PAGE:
Every organization has a different approach to reforestation. Governments can employ legislation, industries like logging and agriculture can adjust their activities to support healthy ecosystems, and people can regrow areas of habitat near their homes.
Our approach uses volunteers at every step to prepare and plant trees to reforest Panama. By working with local volunteers, we can adapt our reforestation activities to locally specific needs. For more information about our reforestation plan, and what you can do to help, explore this page!
Seeds and Saplings
Even in a healthy ecosystem, many young plants die because they begin growing too close to their parents and compete with them for resources such as nutrients. We take advantage of this natural process for our reforestation activities by rescuing seeds and saplings which are too close to their parents, placing them in temporary containers to grow and strengthen them for a few months, and replanting them in deforested areas.
The plants that we use are chosen to attract wild animals, grow rapidly, and have a minimal effect if we remove a few from healthy natural areas. To meet these objectives, most of the plants we use are common, large-seeded species such as Espavé, Anacardium excelsum, Guandú, Cajanus cajan, and Cuipo, Cavanillesia platanifolia.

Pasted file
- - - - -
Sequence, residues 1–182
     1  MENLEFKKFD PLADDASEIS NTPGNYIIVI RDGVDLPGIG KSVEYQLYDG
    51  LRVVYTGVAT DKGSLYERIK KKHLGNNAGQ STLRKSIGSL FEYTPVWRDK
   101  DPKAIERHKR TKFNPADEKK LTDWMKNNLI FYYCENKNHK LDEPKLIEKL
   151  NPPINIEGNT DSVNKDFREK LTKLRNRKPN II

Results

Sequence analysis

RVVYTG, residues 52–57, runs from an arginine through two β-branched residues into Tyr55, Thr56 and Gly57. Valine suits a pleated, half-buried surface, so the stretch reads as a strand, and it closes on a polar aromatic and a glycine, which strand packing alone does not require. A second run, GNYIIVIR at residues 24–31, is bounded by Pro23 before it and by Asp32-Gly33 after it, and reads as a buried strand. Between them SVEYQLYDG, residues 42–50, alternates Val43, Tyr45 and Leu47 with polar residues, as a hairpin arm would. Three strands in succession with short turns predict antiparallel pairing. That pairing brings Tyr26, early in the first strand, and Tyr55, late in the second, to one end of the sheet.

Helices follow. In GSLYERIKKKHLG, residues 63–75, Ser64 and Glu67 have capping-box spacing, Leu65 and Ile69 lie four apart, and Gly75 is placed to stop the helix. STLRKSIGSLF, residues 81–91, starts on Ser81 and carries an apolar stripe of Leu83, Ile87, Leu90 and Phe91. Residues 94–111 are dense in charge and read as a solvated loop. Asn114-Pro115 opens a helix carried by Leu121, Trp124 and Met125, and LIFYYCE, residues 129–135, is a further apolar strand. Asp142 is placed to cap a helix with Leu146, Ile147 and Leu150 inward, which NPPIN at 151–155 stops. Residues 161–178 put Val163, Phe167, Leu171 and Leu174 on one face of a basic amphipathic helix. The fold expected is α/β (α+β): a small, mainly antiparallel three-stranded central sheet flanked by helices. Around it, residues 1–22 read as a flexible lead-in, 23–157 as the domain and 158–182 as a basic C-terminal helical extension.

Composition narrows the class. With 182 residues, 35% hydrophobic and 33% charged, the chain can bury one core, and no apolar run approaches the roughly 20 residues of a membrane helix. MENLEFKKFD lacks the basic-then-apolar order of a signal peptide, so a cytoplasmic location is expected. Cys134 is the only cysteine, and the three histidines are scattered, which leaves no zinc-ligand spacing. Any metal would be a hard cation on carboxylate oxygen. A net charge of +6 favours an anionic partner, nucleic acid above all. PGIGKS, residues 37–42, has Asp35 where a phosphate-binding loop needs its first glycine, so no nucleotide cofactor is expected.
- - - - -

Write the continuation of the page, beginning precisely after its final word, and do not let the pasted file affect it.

Exotic species quickly invade deforested or degraded areas in Panama. Because these species can suppress the growth of native plants, we have to remove them from the areas we want to reforest before we can plant new trees to ensure they receive enough sun, water, and nutrients to grow up healthy. Of course, when we remove the exotic plants we mark all of the native plants we don't want to kill.
Even after regrowth has started, we have to continue clearing reforestation sites because some invasive species, especially wild sugarcane, Saccharum spontaneum, grow extremely fast. In some of our sites, the wild sugarcane has to be cleared every two or three weeks! After a few years the native plants will begin to shade out the invasive species, at which point we can scale back our maintenance and let natural regeneration take over the growth of the young forest.
The best part of the process! During reforestation events, groups of up to hundreds of people work together to plant a new piece of forest in areas like Camino de Cruzes National Park or the Cerro Chucantí Private Nature Reserve.